This post isn't about a long list of resolutions as much as it's about a confession - to myself, and to whoever is reading this. (If this were a YouTube video, I'd make a cut and play Usher's Confessions, Part II right now.) This post is about me surrendering and being vulnerable, because I'm tired. I'm tired of feeling how I've felt for so long, and I'm ready to take responsibility and leave myself accountable.

I'm a pretty insecure person, and I feel lonely and unhappy a lot of the time. I place so much of my own self-worth into relationships with other people that I've lost myself in the madness. At the end of the day, I feel unfulfilled by the many interactions I have with others, and crave a strong, genuine connection. I lean on my self-deprecating humor to make up for the fact that I'm actually feeling down, and I blame others for making me feel so lonely and left out. It's really not fair to anyone, including myself.

I don't trust myself or my journey. I don't trust my ability to live a life of love and joy by myself, so I turn to mindless online dating. I don't trust myself to be vulnerable with others, so I end up turning them away. I don't trust the fact that I have a promising future, so I choose to dwell on what I'm not instead of what I am.

So here I am, aware of the fact that I am this way. It's a start, right? This is where I start. This is where I start to trust and accept myself, where I am, and where I'm going. This is my surrender to end the self-sabotage and to leave room for love. Love for myself, mostly. Also love for and from others.

I tweeted this a couple of days ago (so Millenial~), but I truly think that we are all okay, and that if we don't feel okay, there are ways to get back. Counseling, writing, yoga, hugs, whatever. Whatever the tools are, we need to trust that we are already the person we aspire to be. Most of us have just fallen away from that person due to events, self-doubt, or other trying circumstances; even so, that person is always there. It's just a matter of finding them again.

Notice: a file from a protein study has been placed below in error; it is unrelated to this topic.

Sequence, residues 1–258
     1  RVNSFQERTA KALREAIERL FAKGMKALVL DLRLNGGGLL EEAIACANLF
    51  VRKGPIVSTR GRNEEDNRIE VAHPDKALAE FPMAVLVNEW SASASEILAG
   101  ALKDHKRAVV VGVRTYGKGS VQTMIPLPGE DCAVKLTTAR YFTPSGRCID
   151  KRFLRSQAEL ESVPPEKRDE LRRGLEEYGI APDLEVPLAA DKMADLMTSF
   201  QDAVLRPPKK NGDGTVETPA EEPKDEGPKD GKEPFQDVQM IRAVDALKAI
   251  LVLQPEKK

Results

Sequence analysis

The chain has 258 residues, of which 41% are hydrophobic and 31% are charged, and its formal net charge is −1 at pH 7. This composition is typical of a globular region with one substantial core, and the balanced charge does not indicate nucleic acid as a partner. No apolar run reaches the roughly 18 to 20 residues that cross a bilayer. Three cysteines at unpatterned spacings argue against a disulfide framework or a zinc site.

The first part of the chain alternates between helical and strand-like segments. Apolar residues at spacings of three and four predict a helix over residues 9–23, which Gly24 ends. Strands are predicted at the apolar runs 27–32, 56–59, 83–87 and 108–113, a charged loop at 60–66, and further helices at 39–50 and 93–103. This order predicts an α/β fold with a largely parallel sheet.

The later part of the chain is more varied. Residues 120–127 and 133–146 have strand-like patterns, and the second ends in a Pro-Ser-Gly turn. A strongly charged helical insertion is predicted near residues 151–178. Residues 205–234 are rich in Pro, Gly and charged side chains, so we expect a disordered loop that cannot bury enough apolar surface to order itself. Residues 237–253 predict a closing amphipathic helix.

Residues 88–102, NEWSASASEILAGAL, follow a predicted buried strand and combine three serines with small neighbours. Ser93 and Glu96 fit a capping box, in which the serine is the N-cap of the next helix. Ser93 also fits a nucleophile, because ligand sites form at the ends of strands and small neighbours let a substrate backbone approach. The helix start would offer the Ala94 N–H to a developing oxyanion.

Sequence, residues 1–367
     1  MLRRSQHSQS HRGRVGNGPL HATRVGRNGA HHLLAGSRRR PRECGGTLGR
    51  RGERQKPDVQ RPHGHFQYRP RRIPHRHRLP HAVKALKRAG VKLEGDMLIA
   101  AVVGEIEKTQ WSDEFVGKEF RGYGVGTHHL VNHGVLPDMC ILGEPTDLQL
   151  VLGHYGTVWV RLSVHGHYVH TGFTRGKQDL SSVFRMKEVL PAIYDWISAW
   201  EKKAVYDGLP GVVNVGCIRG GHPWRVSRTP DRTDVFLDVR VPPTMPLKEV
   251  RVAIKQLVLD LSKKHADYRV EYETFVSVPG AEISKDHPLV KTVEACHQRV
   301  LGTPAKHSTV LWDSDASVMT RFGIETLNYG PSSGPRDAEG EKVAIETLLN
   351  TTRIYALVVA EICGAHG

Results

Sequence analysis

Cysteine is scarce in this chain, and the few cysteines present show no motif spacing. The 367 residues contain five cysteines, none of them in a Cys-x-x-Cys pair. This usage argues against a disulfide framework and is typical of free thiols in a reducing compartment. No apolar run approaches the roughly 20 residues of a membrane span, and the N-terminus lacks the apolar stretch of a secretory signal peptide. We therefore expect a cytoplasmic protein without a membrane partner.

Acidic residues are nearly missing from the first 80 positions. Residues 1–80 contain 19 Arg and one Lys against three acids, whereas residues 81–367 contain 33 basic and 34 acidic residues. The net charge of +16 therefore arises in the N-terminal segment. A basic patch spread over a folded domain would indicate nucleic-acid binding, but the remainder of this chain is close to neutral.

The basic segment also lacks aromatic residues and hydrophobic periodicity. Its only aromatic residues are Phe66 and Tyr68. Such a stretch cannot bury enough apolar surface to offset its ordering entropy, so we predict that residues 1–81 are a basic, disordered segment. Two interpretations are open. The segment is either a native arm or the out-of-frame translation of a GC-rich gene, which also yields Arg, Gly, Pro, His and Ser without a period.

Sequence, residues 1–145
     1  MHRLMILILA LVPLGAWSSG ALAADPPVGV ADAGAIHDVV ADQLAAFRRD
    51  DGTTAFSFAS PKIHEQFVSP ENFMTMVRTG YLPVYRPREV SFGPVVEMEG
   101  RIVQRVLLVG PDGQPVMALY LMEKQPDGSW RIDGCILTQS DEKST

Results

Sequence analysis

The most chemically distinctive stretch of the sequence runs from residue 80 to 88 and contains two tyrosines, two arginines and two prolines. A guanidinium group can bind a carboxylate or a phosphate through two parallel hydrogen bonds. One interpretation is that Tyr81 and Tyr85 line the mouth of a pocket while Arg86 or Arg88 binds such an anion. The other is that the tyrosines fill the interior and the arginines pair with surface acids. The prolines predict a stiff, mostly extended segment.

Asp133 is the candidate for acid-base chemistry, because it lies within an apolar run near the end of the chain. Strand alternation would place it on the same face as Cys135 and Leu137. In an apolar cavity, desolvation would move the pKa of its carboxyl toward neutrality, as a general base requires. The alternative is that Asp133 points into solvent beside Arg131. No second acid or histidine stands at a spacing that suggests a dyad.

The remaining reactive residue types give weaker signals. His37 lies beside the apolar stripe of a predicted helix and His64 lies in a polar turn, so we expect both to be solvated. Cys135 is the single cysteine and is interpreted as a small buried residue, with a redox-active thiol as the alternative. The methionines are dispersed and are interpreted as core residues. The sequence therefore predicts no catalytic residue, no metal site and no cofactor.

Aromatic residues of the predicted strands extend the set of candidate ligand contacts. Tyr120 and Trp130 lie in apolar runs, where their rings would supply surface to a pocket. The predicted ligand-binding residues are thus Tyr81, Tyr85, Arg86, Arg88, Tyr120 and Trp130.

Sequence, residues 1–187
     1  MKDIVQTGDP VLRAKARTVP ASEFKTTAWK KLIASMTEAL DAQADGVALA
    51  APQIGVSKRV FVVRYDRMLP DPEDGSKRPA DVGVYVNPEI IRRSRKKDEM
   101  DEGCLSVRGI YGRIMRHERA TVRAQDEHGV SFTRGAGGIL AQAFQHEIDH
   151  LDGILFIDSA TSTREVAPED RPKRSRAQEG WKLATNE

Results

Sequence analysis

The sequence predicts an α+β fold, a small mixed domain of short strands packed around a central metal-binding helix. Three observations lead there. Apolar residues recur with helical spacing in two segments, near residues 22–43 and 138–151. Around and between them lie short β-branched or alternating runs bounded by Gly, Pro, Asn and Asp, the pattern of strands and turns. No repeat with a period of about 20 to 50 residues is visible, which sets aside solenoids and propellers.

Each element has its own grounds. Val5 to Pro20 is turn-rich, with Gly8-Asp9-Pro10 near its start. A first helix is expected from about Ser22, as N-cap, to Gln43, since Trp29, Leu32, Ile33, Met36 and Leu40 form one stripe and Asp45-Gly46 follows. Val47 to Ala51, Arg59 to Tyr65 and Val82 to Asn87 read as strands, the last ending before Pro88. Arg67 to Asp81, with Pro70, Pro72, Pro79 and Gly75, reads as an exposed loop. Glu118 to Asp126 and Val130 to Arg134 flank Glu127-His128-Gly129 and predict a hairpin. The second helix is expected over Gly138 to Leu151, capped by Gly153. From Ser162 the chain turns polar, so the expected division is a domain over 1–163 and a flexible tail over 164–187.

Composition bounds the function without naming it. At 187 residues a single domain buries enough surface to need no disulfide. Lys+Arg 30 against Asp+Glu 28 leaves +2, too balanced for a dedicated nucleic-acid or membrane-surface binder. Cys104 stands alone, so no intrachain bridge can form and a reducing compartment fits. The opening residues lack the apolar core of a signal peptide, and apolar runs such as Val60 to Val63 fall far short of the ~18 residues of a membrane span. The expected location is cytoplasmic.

So here's to 2016, and to being that person again.


'Til next time,
Christina

Monday, December 21, 2015

On being your Black friend (who, like, isn't even THAT Black)

I have a lot of White friends. That's always been the case, and most of the time it's so normal that it doesn't bother me, but sometimes it does. As you could probably imagine, it also creates space for misunderstandings and the occasional awkward situation. But that comes with the territory of being the only POC - person of color - in the friend group (although it shouldn't). Here's a bit of perspective about being the "only one."